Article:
For years, The Ellen DeGeneres Show was one of daytime TV’s biggest success stories.
The talk show, hosted by comedian and actor Ellen DeGeneres, debuted on 8 September 2003 and ran for nearly two decades, winning 61 daytime Emmys out of a staggering 171 nominations.
However, in July 2020, the series was rocked by allegations of toxic workplace behaviour, and Ellen found itself at the centre of a scandal involving claims of sexual harassment and misconduct by producers.
DeGeneres’s own reputation was dented by the reports, with the presenter who had once been famed for her affable demeanour facing criticism from all sides – despite not being accused of on-set bullying herself.
Earlier today (12 May), it was announced that The Ellen DeGeneres Show will be coming to an end after its 19th season, scheduled to conclude in 2022.
Though reports have claimed that the decision has been years in the making, some have linked the decision to stop the programme to last year’s controversy, and the drop in viewership ratings that followed.
In March, it was reported that the show had lost more than a million viewers in a year.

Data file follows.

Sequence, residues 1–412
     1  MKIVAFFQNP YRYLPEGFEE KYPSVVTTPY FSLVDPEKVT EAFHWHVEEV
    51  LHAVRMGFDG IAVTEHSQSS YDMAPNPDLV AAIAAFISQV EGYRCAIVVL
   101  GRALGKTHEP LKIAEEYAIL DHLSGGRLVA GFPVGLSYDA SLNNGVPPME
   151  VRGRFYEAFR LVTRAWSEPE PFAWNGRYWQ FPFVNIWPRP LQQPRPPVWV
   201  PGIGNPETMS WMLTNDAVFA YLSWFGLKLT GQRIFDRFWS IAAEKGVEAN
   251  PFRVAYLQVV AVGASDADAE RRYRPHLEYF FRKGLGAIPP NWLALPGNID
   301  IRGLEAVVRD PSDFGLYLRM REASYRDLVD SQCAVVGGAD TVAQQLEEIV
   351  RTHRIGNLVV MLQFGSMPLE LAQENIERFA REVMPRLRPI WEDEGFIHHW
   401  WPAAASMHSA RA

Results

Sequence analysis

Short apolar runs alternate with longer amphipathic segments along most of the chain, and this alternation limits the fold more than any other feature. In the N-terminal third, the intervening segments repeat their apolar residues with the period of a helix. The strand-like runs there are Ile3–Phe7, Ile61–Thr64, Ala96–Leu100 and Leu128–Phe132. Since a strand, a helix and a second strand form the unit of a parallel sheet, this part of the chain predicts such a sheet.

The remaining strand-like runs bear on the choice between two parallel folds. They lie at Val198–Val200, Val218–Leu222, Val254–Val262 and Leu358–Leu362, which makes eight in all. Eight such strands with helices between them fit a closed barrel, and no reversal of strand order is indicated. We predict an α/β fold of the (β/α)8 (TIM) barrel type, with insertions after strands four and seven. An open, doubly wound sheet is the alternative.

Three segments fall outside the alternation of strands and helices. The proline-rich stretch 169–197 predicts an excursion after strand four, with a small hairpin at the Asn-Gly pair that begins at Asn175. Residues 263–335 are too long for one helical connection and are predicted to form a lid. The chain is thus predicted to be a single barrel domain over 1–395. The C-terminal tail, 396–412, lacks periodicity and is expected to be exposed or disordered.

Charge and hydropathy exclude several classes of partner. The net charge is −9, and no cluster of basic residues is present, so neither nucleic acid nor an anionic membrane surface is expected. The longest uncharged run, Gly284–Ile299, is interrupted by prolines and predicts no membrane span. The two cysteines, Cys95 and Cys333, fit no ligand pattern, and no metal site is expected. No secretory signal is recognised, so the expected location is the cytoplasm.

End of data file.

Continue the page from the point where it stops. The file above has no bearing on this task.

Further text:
Here’s a brief timeline of the controversies surrounding The Ellen DeGeneres Show...
December 2018: Profile in the New York Times
In 2018, the New York Times published a profile of DeGeneres under the headline “Ellen DeGeneres Is Not as Nice as You Think”. In the interview, the presenter was asked about rumours that her real-life behaviour was at odds with her “nice” on-camera persona. “That bugs me if someone is saying that because it’s an outright lie,” she responded.
“The first day I said: ‘The one thing I want is everyone here to be happy and proud of where they work, and if not, don’t work here.’ No one is going to raise their voice or not be grateful. That’s the rule to this day.”